Towards higher adaptive capacity in urban water management – highlights of the RAINMAN project

Climate change increases precipitation and urbanisation results in more sealed surfaces. This leads to increasing storm water volumes and can cause sewage system overloads and urban flooding. Nutrients and hazardous substances can also contaminate freshwater resources if storm water is not treated properly. In addition, these changes can affect groundwater recharge and quality.

The RAINMAN project has developed tools and recommendations to avoid sewage system overloads, to prevent urban flooding and to preserve freshwater resources. The project has integrated solutions into city development guidelines and plans to maintain freshwater resources in a good state, despite a changing climate.

The RAINMAN project's closing event took place on 

December 16th, 2021, 8:45-12:00 (EET) 


 Time (EET)  Time (MSK)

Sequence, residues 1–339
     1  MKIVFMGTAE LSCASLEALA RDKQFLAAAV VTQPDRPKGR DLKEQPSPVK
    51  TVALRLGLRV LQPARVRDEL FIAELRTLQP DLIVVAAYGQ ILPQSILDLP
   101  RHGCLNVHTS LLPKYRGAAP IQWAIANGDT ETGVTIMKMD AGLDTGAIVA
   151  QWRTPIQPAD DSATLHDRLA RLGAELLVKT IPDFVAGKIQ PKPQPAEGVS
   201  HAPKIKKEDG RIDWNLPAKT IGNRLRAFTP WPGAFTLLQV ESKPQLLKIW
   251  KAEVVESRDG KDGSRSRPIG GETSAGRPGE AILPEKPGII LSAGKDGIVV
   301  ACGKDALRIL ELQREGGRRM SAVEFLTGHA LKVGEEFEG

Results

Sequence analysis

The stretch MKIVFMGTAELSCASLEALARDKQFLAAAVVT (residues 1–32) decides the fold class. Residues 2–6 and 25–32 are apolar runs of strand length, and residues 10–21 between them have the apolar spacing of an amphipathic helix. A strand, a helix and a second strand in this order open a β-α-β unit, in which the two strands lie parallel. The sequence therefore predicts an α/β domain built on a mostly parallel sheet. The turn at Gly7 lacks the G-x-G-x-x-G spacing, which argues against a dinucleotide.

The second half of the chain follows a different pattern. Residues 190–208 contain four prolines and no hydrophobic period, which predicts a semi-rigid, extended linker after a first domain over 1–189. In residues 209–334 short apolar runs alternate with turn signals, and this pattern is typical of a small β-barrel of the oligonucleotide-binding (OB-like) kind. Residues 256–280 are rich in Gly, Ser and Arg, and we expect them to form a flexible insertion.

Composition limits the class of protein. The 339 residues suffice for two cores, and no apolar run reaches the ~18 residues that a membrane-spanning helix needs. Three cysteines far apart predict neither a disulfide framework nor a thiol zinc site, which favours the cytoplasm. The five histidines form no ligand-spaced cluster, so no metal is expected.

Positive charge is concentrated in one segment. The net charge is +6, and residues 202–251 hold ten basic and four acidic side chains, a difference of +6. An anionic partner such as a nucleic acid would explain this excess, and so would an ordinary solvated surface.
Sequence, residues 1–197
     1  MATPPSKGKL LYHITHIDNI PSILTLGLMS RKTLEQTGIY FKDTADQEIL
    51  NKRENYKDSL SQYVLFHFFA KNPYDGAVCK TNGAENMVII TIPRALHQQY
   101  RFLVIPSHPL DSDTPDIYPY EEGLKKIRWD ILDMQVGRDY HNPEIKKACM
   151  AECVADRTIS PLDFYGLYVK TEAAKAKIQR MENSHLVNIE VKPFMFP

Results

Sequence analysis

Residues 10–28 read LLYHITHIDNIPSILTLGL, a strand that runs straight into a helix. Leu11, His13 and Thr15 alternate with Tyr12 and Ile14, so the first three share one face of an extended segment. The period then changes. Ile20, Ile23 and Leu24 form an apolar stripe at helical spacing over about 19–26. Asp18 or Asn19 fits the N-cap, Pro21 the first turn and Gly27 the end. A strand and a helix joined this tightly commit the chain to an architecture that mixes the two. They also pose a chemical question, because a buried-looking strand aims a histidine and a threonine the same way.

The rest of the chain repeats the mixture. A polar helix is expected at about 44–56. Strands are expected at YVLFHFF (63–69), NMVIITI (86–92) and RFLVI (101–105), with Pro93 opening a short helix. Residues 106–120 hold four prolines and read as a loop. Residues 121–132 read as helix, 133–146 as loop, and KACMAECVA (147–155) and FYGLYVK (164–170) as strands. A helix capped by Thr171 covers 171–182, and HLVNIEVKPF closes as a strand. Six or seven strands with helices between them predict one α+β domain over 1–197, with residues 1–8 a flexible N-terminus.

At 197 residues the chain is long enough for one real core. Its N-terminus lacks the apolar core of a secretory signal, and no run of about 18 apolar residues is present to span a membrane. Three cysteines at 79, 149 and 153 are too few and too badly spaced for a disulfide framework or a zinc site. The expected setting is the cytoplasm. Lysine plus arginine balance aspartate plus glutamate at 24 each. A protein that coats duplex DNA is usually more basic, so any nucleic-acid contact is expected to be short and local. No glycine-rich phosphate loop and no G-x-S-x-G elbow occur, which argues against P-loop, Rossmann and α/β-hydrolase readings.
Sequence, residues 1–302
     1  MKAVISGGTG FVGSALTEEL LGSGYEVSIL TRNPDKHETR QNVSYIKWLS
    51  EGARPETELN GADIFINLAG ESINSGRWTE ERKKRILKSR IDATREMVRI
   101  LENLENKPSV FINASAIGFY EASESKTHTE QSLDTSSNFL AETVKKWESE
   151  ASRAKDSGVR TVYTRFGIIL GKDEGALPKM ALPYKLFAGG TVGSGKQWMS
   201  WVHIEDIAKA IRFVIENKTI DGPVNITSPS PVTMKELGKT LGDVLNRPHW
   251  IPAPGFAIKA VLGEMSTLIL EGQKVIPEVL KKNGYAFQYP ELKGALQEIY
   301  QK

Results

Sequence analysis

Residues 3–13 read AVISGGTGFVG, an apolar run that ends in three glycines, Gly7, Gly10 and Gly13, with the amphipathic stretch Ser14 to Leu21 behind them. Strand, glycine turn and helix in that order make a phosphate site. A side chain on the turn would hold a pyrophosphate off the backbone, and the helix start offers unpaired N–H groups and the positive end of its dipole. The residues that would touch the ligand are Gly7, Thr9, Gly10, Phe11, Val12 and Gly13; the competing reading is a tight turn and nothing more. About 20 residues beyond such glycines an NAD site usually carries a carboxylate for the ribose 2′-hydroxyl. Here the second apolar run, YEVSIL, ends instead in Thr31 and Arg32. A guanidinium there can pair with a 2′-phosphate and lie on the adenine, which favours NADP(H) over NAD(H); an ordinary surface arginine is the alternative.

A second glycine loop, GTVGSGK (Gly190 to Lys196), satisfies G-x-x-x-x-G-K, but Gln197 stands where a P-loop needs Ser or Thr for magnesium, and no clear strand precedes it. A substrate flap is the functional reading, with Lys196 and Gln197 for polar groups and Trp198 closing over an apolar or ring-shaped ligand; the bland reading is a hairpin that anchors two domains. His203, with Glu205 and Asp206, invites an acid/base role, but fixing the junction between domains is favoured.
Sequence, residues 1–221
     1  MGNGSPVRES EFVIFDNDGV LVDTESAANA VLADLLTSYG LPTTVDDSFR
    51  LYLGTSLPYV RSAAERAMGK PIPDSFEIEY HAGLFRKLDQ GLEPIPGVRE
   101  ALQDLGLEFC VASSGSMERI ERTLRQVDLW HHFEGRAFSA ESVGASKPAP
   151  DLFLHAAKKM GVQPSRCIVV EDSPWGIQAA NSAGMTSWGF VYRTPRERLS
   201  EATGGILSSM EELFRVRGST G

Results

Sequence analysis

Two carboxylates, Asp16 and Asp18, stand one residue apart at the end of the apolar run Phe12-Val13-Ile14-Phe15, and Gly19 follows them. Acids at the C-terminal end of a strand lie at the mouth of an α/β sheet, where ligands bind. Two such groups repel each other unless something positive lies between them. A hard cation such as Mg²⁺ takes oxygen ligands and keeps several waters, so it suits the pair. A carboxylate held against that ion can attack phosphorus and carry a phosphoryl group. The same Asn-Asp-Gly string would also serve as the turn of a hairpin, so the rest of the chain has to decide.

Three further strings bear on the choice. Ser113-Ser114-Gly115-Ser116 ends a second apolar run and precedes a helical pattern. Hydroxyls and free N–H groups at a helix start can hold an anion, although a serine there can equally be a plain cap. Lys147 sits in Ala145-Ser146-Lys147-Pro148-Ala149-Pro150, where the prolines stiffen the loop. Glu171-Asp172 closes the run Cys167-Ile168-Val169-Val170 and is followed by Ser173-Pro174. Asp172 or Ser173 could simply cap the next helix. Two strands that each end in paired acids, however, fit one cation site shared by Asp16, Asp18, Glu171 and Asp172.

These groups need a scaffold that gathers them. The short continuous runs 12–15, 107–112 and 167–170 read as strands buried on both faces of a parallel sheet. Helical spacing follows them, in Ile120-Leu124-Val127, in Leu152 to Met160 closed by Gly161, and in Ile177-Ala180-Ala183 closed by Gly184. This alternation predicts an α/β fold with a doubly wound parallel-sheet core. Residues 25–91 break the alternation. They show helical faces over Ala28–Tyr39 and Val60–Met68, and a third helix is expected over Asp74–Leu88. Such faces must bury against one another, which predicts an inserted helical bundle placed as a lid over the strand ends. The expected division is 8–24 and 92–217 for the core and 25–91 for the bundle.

08:30-08:45  09:30-09:45 Registration / going online  
 08:45-10:05  09:45-11:05  Session I Chair: Philipp Schmidt-Thomé (GTK)
    Welcome and opening Jouni Pihlaja (GTK)
Philipp Schmidt-Thomé (GTK)
    How can we adapt to climate change in urban water management? Johannes Klein (GTK)
    Modelling climate change impacts on groundwater flow in Mikkeli and Lahti – scenarios up to 2100 Arto Hyvönen (GTK)
    Climate change and hydrological regime of rivers in the St. Petersburg area lga Zadonskaya (SHI)
Dinara Fasolko (Voeikov MGO)
 10:05-10:25  11:05-11:25  Break  
 10:25-12:00  11:25-13:00 Session II  
    The threats of climate change for groundwater in Mikkeli Juha Rautio (Mikkeli)
    Groundwater protection and climate change in Lahti Raisa Rihkavuori (Lahti)
    Storm water management in changing climate in St. Petersburg Irina Kostenko (SUE Vodokanal of St.Petersburg)
Victor Ignatchik (AViV LLC.)
    Storm water management and green solutions in the Helsinki Metropolitan Area Maaria Parry (HSY)
    Closing the event Johannes Klein (GTK)